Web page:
DR. J. W. Ross, of Chemung County, mentioned a case, which he had reported, of rupture of the right auricle, the walls being found at the autopsy to be somewhat hypertrophied, to present some spots of atheroma, with a slight degree of atheroma at the point of rupture, but not sufficient to permit of the accident, unless there had been some force brought to bear by contraction of the auricular walls. He thought there must have been some contraction of the auricular walls to have produced the rupture.
DR. LYNDE, in closing the discussion, said with regard to vivisection, that he had made vivisections on dogs and on sheep, perhaps as often as from twenty-five to fifty times. He brought the animals under the influence of chloroform or of ether, worked his way down to the heart, introduced a canula and trocar into the heart, and he had never succeeded, after withdrawing the canula, in getting blood to well up from the auricle through the short canula, while he had not the least trouble in demonstrating the contraction of the ventricles, blood being discharged through the canula at each contraction of the ventricular walls. He had already referred to a case in the Museum at Washington in which, on account of stenosis at the auriculo-ventricular opening, the walls of the auricle had become extremely thinned, entirely precluding the possibility of muscular contraction, if that were the function of this part of the heart. Again, he had also referred to the fact that there were occasionally found large deposits of fat upon the auricles. Foster, in his work on physiology, claimed that experiments made by himself and by others demonstrated a certain degree of suction-power on the part of the ventricles.
THE USE OF THE ASPIRATOR IN
By E. D. FERGUSON, M.D., of Rensselaer County.
Read November 18, 1884.
A FEW years ago, I saw in consultation a young man who had been ill for two weeks. Ilis health had hitherto been good. The history and physical examination showed the disease to be an idiopathic pleuritis with effusion, the right pleural cavity being filled to about the upper border of the second rib in front.
The breathing being somewhat embarrassed, it was thought best to remove some of the liquid, and, accordingly, four pints of clear, light-amber serum were removed by the aspirator. Two days after the aspiration, he had a chill, with considerable increase of fever (which had been very moderate up to that period of his illness), and I again saw him on the fifth day following the operation. The fluid had increased considerably in quantity, and a specimen obtained by the use of the hypodermic syringe showed a notable turbidity. The aspirator was again used, and forty ounces of a moderately turbid and reddish serum were removed. On the sixth day thereafter, thirty-two ounces of a still more turbid fluid were drawn off. At each operation, I attempted to remove all the fluid that could be taken without giving the patient distress in respiration, and the procedure was suspended short of producing marked thoracic discomfort.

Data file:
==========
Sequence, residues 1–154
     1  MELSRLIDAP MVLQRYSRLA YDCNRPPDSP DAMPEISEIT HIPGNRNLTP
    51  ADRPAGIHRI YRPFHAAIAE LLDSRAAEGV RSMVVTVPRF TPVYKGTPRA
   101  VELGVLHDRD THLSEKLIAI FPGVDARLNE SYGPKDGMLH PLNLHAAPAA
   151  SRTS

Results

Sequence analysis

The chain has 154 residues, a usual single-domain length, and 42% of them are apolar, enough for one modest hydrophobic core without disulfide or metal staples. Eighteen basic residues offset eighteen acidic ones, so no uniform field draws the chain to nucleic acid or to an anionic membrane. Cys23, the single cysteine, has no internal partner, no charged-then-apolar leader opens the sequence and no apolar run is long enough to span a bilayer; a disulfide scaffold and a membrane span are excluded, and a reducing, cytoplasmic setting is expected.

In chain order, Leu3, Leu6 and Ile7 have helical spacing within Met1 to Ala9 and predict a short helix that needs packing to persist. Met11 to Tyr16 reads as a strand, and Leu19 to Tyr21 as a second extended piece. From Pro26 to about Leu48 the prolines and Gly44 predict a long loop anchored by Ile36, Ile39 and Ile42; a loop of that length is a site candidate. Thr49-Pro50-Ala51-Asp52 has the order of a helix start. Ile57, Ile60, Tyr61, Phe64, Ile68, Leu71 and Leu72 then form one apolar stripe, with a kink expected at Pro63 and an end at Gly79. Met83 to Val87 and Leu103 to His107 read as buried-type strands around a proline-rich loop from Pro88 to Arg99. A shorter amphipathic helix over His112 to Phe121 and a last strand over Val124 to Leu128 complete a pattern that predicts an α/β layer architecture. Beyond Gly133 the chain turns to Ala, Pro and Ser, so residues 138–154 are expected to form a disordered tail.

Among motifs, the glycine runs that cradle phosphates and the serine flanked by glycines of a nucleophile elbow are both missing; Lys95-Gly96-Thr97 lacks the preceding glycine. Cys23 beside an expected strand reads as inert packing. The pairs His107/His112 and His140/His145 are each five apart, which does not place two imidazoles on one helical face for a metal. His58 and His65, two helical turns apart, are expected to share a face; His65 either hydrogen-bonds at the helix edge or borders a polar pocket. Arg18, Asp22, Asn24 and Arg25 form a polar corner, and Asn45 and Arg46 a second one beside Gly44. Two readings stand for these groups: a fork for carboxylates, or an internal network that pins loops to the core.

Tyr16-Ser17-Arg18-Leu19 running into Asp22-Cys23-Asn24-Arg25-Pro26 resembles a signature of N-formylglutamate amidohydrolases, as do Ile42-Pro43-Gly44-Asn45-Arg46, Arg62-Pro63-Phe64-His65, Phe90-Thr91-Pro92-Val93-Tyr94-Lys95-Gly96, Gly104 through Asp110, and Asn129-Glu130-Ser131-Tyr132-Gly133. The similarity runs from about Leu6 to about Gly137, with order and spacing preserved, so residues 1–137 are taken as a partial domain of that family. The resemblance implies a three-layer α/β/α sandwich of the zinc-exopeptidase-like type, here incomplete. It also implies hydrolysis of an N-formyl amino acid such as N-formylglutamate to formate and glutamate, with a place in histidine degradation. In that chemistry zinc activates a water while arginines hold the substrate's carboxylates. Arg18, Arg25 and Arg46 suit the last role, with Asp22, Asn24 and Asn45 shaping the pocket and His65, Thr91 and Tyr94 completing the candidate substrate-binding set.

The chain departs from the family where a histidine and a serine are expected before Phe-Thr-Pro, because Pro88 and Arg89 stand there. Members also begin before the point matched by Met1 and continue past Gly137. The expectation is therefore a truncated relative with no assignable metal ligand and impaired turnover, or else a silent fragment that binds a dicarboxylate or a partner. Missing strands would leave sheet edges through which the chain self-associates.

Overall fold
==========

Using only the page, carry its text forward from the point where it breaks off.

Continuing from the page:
It is needless to follow the history of the patient through the separate aspirations for the pyothorax which had then developed, or the drainage of the pleural cavity, which gave an
apparent recovery (with marked contraction) in about one year, only to be followed by nephritis, a moderate return of the pyothorax, and eventually by death.
This was the third case occurring under my observation in which the management, course, and result had been so nearly alike, that I was led to reflect whether the aspiration had not been an important factor in the production of the pyothorax; and I at once modified my treatment of hydrothorax due to idiopathic pleuritis so far as to abstain from the use of the aspirator unless the dyspnea, continuous or paroxysmal, due to the effusion, was marked, or the process of absorption was unusually delayed; in either of which instances, however, I have not hesitated to aspirate, although I have discontinued the removal of liquid when operating for dyspnea, as soon as that symptom had been measurably relieved.
I have not, since I saw the case which forms the text for this paper, removed more than a pint of liquid at one aspiration, either to relieve dyspncea or to induce absorption; and, although facts of this kind do not go far toward establishing a principle, I have not had an instance of pyothorax the result of simple pleuritis since I have thus modified my operative management of these cases. This fact has had a certain amount of value to me as evidence; for, although I have no data from which to give actual numbers, I annually see in private or consulting practice a considerable number of cases of idiopathic pleuritis with effusion. I do not wish to be understood as denying the occurrence of cases of pleuritis in which there is a direct tendency to suppurate, nor shall I pause here to discuss the nature of such cases. Since using the aspirator in this modified and limited manner, I do not have a larger percentage of cases resulting in notable thoracic contraction than under its more frequent and freer use.
An operation for the removal of intra-pleural effusion, previous to the introduction of aspiration, was regarded as a measure of considerable gravity; and, although the procedure was regarded as justifiable and necessary in certain cases, the liability to the development of pyothorax was fully recognized. Since the publication of Dr. Bowditch's pamphlet, the perform